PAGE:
Monday, May 25, 2015
A Rare Opportunity: A Bottle of 2010 Château Bolongbao from China in Washington DC, USA
Recently at our house in Washington DC, Annette and I drunk - with our daughter Cornelia and son-in-law Chris - a bottle of 2010 Château Bolongbao from Bashimudi in the Fangshan Region, close to Beijing, China. That one drinks an ultra-premium Chinese wine outside of China does not happen that often. But our daughter lives with her family in Beijing and visiting us, our son-in-law Chris brought us this bottle of Chinese ultra-premium wine.
Emerging Wine Country China
China has become the 5th largest wine market in the world (following the US, France, Italy and Germany and ahead of the UK, Argentina, Spain, Australia and Portugal). Annual wine consumption in China has reached 16.8 million hectoliters, compared with 29.2 million hectoliters in the US. China is in the top 10 group of wine consuming countries.
Many people say, China is now there were America was 50 years ago. In the last 50 years, we have seen a wine revolution and boom in America and a lawyer from the Washington DC region - Robert Parker - emerging as the most influential wine critic in the world.
Jancis Robinson (2014): While in Asia last month I was asked when I thought China would produce genuinely world-class wine. I said I thought that on the basis of what I had tasted so far it would probably be within five to 10 years but added semi-facetiously, in a reference to the extraordinary speed with which the Chinese tackle their objectives, that in practice it would probably be three to six years.
Not surprisingly, there is an increasing number of annual wine fairs in China. One wine fair that is rapidly gaining importance is TopWine China in Beijing. In 2014, we had the opportunity to participate in TopWine China during a visit of our daughter in Beijing.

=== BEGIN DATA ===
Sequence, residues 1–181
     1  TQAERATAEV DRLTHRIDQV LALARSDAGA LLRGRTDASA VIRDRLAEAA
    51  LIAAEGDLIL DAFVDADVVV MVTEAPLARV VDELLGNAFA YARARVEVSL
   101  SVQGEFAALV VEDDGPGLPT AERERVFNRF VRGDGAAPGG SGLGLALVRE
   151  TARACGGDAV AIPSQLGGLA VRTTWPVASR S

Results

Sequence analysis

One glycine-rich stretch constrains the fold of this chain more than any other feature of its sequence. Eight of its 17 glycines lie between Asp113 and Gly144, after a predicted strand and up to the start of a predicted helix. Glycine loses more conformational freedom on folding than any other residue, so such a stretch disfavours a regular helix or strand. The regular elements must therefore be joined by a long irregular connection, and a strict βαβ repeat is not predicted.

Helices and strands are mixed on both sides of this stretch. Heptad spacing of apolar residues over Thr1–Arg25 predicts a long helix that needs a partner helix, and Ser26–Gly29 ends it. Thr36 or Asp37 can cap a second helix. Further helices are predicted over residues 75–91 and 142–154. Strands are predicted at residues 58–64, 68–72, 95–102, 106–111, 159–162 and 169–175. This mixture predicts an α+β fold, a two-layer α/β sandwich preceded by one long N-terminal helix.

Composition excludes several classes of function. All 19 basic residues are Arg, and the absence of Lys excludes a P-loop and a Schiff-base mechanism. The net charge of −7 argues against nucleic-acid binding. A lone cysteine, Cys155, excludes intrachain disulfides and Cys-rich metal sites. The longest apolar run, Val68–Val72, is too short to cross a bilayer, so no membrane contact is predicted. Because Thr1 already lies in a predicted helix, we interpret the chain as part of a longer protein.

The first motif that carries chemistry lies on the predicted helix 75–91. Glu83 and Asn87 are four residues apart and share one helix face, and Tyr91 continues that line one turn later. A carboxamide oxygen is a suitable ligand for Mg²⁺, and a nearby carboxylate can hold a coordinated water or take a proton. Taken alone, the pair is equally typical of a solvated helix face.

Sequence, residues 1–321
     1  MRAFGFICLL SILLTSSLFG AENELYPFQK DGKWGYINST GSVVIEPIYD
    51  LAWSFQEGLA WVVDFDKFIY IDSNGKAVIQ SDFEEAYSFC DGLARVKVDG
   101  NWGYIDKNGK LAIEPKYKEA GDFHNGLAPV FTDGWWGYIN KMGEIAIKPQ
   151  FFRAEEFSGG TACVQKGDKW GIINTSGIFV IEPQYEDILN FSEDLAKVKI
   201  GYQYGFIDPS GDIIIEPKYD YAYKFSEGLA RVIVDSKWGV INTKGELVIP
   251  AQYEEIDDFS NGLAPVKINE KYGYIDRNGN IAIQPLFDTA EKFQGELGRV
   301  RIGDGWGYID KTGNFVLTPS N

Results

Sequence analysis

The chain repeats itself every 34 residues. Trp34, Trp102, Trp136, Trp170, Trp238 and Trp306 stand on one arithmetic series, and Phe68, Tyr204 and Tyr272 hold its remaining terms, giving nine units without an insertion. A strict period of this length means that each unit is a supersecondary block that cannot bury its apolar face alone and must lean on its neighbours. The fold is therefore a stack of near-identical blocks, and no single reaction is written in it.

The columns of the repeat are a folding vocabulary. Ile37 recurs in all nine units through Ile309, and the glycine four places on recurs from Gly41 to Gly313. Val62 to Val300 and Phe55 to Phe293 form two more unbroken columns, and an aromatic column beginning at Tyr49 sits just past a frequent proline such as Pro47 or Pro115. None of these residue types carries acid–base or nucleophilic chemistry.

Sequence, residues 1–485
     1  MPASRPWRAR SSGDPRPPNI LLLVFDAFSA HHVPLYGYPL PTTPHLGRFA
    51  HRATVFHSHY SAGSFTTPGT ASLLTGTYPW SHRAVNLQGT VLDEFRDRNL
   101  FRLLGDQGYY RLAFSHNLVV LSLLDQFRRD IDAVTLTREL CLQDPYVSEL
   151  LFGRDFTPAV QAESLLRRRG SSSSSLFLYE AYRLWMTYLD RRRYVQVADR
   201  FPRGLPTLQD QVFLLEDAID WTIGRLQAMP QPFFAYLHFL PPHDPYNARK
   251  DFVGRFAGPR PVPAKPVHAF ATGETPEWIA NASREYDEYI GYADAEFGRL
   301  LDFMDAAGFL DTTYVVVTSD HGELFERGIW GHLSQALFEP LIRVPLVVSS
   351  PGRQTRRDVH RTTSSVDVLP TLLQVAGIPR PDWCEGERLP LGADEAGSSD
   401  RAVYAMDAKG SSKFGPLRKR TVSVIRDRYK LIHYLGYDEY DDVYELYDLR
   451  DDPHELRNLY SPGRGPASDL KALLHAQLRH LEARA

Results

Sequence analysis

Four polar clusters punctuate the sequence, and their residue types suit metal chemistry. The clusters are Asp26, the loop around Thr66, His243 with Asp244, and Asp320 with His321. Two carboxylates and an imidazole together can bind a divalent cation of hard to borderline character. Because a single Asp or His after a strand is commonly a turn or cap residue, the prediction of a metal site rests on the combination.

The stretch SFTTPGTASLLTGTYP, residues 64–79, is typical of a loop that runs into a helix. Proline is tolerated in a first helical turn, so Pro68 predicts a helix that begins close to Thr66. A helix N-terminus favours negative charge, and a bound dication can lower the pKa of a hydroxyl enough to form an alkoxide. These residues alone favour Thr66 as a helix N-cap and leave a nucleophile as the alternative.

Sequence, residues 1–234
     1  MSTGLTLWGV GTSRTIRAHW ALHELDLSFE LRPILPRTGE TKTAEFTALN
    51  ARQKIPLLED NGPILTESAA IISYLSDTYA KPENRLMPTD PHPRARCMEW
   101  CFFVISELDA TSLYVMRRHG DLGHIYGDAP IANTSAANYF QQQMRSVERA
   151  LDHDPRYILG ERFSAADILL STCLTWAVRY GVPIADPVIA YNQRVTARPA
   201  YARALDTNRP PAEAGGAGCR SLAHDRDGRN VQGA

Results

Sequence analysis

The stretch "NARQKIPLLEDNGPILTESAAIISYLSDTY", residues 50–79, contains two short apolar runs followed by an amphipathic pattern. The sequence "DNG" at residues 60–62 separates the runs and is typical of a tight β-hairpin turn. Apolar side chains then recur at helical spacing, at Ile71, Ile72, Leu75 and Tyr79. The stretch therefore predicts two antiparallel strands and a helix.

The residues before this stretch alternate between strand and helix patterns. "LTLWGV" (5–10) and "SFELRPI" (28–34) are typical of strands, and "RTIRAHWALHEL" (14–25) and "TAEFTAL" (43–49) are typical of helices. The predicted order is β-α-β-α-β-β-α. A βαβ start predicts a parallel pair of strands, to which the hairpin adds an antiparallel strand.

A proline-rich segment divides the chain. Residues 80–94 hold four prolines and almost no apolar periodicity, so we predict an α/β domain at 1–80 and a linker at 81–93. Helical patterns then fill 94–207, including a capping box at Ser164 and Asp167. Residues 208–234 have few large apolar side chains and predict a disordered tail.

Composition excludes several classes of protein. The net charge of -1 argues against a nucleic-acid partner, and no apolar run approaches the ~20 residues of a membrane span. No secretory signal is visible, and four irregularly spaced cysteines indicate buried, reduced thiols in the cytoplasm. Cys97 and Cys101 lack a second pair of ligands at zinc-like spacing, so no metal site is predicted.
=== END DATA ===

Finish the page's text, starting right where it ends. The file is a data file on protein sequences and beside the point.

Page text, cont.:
ombiasy PR and WineTours
Germany at TopWine China 2014 in Beijing, China
With less than a liter per year, the Chinese per capita consumption is dismal, but the number of consumers is huge. Thus, overall wine consumption is large. And, per capita consumption is on an upward trend. If the per capita consumption increases just by as much as – for example – the Australian per capita consumption increased between 2007 and 2013, China would become the largest wine market in the world, overtaking the US, France, Italy and Germany.
One of the main features of the China wine market, as supposed to western markets, is the predominance of red over white wine. Around 85 per cent of the wine drank in China is estimated to be red. However, as more Chinese women develop a taste for wine, white wine drinking is expected to rise relative to red wine.
The color red is considered lucky in China and is also affiliated with the Communist government, while white is associated with death and is predominantly seen at funerals.
Schiller s Favorite Winebars in Beijing, 2014, China
There are two market segments. First, the lower end mass wine market. Growth in demand in this market segment --- the easy drinking, low quality cheap wine --- is expected to be high. At 0.4 liters per person a year, wine consumption is still quite low by international comparison. In France, where wine is culturally embedded, people drink 50 liters a year with consumption in Australia, another major wine producing nation, 25 liters and in the United States 15 liters. If China's per capital wine consumption was to only increase slightly because of the scale of the population it could easily shift the center of gravity of the world's wine industry.
Second, the other market segment, where China will be increasingly present is the top wines. Since 2000, expensive red wines, in particular from France, have become very popular in China among the rich and the famous. Red wine, in particular French red wine, has become a symbol of the elite and the rich. Within a decade or so, China’s rich have gone from mixing red wine with Coke to checking Parker points when ordering a wine and being ready to pay top dollars. They have become a major player in the top market segment. The recent austerity and anti-corruption drive of the Chinese President, Xi Jinping, however, has led to a marked decline in conspicuous consumption and sales of high-end wine.